Showing 4 posts by Stephanie B. Burnstein.
On September 20, 2019, the Director of the Department of Insurance and Financial Services of Michigan (“the Department”) issued order number 19-048-M, which has a direct impact on the ability of automobile insurers to implement the recent Michigan No-Fault Reform Act. Per the Act, most provisions were effective June 11, 2019, with a limited number not taking effect until July 2020. As would typically be the case, on June 11, 2019, insurers began implementing the new provisions of the No-Fault Act. More »
Beginning March 29, 2019, Michigan laws are changing in a way that will greatly impact employers. Specifically, pursuant to the Improved Workforce Opportunity Act (MCL 4008.934). Michigan’s minimum wage will increase from $9.25 to $9.45 an hour. (MCL 408.934). More »
TRANSPORTATION LAW CLIENT ALERT: City of Detroit Mayor Mike Duggan’s Lawsuit Challenging the Michigan No-Fault Act’s Constitutionality Gains Traction
As many are aware, City of Detroit Mayor Mike Duggan, along with several other handpicked plaintiffs, filed suit challenging the constitutionality of Michigan’s No-Fault Insurance Act. The lawsuit is premised on Mayor Duggan’s belief that the No-Fault Act violates procedural and substantive due process under both the Michigan and United States Constitution. No-Fault insurance is mandatory for the lawful registration and operation of a motor vehicle and the Plaintiffs believe they possess a constitutional right to fair, equitable, and reasonable insurance premiums, which they allege are not currently available in the City of Detroit. More »
Personal Injury Protection (PIP) benefits cases are on the rise in Michigan. However, with the 2014 Michigan Court of Appeals decision in Bahri v. IDS Property Cas. Ins. Co., 308 Mich. App 402; 864 NW2d 609 (2014), defendants are finding these cases defensible.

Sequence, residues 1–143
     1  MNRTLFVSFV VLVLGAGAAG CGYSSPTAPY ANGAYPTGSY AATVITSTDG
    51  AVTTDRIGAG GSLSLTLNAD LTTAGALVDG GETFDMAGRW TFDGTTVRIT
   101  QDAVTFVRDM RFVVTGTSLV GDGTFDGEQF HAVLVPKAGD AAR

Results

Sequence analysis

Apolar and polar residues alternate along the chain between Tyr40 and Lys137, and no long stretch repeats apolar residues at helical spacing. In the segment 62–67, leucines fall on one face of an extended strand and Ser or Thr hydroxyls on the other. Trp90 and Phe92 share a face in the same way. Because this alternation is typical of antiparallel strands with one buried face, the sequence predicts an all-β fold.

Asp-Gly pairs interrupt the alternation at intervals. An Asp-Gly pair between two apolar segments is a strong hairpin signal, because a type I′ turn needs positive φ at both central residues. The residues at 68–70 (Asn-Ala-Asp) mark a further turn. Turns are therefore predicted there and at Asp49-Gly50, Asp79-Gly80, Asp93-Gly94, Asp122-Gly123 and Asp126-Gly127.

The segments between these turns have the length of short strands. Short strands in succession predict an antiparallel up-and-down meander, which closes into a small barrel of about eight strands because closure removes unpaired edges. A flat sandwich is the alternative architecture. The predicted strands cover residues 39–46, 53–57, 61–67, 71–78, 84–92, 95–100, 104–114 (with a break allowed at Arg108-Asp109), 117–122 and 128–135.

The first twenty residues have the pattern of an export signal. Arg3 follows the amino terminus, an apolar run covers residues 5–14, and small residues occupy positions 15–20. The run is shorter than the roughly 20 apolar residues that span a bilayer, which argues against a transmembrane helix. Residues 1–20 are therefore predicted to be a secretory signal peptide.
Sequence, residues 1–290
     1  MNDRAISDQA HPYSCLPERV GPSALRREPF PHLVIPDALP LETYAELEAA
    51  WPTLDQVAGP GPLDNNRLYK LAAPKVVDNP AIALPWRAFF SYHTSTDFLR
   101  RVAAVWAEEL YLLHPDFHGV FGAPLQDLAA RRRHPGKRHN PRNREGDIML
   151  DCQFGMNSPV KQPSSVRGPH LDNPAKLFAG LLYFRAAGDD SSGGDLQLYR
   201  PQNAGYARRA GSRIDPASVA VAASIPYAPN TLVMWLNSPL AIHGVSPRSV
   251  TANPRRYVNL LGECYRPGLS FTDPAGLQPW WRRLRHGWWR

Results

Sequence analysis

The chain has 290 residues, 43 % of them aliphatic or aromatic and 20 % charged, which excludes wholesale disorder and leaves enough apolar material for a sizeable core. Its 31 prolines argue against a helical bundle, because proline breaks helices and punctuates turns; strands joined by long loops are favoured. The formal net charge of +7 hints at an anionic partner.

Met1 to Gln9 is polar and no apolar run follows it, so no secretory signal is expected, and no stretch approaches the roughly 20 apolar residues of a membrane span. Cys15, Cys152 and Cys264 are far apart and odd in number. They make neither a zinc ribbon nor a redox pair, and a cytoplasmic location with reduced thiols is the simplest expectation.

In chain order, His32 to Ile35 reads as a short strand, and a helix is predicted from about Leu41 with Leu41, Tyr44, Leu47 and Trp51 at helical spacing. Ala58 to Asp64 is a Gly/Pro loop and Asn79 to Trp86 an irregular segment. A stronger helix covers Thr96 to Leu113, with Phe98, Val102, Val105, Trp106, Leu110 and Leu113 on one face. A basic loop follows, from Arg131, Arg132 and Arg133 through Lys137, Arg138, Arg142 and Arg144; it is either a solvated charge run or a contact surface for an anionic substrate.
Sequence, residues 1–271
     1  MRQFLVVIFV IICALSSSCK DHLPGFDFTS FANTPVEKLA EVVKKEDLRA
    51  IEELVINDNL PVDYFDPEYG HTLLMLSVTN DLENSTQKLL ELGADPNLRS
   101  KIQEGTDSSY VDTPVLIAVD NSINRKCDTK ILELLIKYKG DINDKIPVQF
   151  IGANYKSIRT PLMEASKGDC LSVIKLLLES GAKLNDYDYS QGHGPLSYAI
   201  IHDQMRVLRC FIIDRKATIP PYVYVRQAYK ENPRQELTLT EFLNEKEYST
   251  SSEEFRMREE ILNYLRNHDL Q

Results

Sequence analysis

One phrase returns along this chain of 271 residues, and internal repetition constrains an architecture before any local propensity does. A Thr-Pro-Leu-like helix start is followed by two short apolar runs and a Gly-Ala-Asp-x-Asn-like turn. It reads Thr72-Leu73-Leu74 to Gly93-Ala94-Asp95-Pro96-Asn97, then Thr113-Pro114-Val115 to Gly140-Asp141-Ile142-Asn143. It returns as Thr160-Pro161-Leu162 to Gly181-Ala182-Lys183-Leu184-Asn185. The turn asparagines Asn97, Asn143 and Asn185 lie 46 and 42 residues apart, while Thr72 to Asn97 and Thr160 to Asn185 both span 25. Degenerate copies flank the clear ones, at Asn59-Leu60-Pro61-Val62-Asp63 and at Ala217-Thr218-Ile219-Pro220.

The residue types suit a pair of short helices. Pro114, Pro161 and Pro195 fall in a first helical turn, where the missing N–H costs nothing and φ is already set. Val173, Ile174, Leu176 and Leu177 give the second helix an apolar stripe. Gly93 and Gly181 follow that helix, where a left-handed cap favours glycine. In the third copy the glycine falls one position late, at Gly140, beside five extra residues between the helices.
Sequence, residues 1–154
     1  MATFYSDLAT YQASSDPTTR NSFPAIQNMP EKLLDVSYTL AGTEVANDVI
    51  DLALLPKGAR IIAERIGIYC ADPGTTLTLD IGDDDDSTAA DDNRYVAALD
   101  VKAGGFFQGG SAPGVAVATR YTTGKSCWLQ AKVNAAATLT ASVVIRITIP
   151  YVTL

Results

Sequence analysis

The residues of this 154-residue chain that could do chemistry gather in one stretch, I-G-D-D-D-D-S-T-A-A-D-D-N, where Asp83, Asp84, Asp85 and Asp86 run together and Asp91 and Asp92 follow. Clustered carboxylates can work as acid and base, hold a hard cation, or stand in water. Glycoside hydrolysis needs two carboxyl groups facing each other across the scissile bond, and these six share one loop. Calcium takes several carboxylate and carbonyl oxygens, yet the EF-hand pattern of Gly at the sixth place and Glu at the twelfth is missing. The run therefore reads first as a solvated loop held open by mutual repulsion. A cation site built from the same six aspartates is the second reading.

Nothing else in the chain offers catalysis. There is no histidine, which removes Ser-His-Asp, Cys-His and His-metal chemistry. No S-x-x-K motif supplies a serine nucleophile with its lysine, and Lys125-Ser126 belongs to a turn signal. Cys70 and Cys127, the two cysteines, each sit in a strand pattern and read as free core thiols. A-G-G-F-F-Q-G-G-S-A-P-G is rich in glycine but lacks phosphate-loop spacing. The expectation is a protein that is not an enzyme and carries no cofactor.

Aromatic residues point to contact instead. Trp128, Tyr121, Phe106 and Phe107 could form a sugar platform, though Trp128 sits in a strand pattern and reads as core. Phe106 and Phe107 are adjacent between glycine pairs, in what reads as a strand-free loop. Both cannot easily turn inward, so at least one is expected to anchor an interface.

The effect of the Court’s ruling in Bahri and defense reliance on general fraud exclusions found in insurance policies continue to reveal themselves. Most recently, in Thomas v. Frankenmuth Mutual Insurance Co., COA No. 326744 (Unpublished July 12, 2016), the Court of Appeals upheld Wayne County Circuit Court Judge Sheila Ann Gibson’s dismissal of a matter on the basis of fraud.
In Thomas, the plaintiff received treatment following a July 6, 2013, motor vehicle accident. During his medical treatment, he was instructed not to drive from the date of the accident through January 21, 2014. During plaintiff’s deposition, he denied driving an automobile at any time during that period. However, surveillance revealed plaintiff driving a vehicle on two occasions, despite claiming a need for medical transportation on those dates as well.
The Court of Appeals, relying on and quoting the Bahri decision, noted that the plaintiff had the ability to explain why he was driving during his deposition. Instead, plaintiff continued to represent that he had not driven at all during the relevant time period. Plaintiff’s counsel attempted to sway the court by arguing that his client’s representations were simple mistakes. However, the court noted, “If they were not knowing misrepresentations, then they were certainly reckless ones, in the face of the proof that he drove his car at least twice on the same day he availed himself of transportation services.” Id at 3.
The Court’s recent decision in Thomas strengthens the argument that the Bahri ruling was deliberate and intentional and that its effects will continue to garner attention in the trial and appellate courts. Michigan courts continue to be increasingly weary of fraudulent representations and are willing to dismiss entire PIP claims as a result. Since incidents of fraud have been on the rise over the past several years, defense counsel finding themselves in similar actions should be willing and able to offer this defense at trial.
 In Bahri, Plaintiff was found to have fraudulently pursued PIP and Uninsured Motorist benefits in connection with a vehicle accident. The Court granted Defendant’s Motion for Summary Disposition which sought dismissal pursuant to the general fraud exclusion in the insurance policy. The Court stated, “[r]easonable minds could not differ in light of this clear evidence that plaintiff made fraudulent representations for purposes of recovering PIP benefits.”
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